This post is by the lovely Liberty London Girl
Okay hold on to your hats: this is a long post, but there is a lot to cover to ensure that we all understand the ramifications for US bloggers of yesterday’s publication of the US Government’s Federal Trade Commission’s Final Guides Governing Endorsements, Testimonials.
Some bloggers have interpreted these guides to mean that if they favourably review a service they have been given, or a product they have been sent & are not expected to return, they must always disclose that they did not pay for the service or product. Whilst this is generally Good Practice, the FTC is more concerned with bloggers favourably writing about products or services for remuneration (either paid or in-kind) i.e. endorsing product, without disclosing this to their readers.
The pertinent part of the FTC press release reads as follows:
“The revised Guides…illustrate the long standing principle that “material connections” (sometimes payments or free products) between advertisers and endorsers…must be disclosed…The post of a blogger who receives cash or in-kind payment to review a product is considered an endorsement. Thus, bloggers who make an endorsement must disclose the material connections they share with the seller of the product or service.”
The FTC makes it clear that “a consumer who purchases a product with his or her own money and praises it on a personal blog…will not be deemed to be providing an endorsement”. Equally, “Even if that consumer receives a single, unsolicited item from one manufacturer and writes positively about it on a personal blog or…the review is not likely to be deemed an endorsement, given the absence of a course of dealing with that advertiser”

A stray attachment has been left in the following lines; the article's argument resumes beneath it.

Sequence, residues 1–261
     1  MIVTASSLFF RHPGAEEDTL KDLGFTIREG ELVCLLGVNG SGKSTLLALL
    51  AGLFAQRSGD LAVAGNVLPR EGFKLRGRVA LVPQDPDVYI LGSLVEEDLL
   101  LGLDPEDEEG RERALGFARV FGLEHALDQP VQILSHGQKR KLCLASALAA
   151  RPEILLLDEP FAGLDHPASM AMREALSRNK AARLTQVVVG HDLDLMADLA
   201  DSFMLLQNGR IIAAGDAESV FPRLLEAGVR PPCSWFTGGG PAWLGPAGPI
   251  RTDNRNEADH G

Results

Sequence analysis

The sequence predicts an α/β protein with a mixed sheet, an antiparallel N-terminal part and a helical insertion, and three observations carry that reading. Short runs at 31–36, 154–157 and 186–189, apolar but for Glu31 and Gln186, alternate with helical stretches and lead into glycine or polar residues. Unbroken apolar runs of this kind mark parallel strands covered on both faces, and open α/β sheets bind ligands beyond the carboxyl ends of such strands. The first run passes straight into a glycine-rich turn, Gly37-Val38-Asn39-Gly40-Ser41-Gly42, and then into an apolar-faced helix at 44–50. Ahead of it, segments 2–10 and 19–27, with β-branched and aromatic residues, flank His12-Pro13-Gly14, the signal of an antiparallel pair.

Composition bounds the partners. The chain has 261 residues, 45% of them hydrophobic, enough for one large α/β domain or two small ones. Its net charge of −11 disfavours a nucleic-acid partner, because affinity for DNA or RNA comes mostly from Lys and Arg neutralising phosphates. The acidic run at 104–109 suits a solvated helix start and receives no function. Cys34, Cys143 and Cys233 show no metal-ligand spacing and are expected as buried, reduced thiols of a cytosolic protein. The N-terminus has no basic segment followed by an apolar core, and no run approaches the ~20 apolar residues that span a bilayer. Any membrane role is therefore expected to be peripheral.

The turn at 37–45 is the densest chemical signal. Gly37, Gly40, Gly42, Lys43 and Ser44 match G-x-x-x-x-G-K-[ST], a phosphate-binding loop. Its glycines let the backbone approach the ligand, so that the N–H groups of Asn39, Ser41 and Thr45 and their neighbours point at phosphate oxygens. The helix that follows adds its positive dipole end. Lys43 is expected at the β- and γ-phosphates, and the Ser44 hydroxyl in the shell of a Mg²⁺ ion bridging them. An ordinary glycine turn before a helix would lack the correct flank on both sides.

Of course, the confusion arises because it can be argued that if the product sent to the blogger for review is expensive and sought after, then the line between paid for endorsement and considered review becomes blurred. Respecting this grey area, the FTC leaves a lot open to interpretation, and cites the following circumstances which should be taken into consideration:
“whether the speaker is compensated by the advertiser or its agent; whether the product or service in question was provided for free by the advertiser; the terms of any agreement; the length of the relationship; the previous receipt of products or services from the same or similar advertisers, or the likelihood of future receipt of such products or services; and the value of the items or services received.”
However, and this is the area that most directly affects bloggers, the FTC feel that if a blogger regularly receives product “with no compensation paid other than the value of the product itself… because he or she is known to have wide readership within a particular demographic group that is the manufacturers’ target market, the blogger’s statements are likely to be deemed to be “endorsements.”
This means that for bloggers like myself who regularly receive lots of samples, we must ALWAYS disclose that they have been given to us if we review them favourably, or not.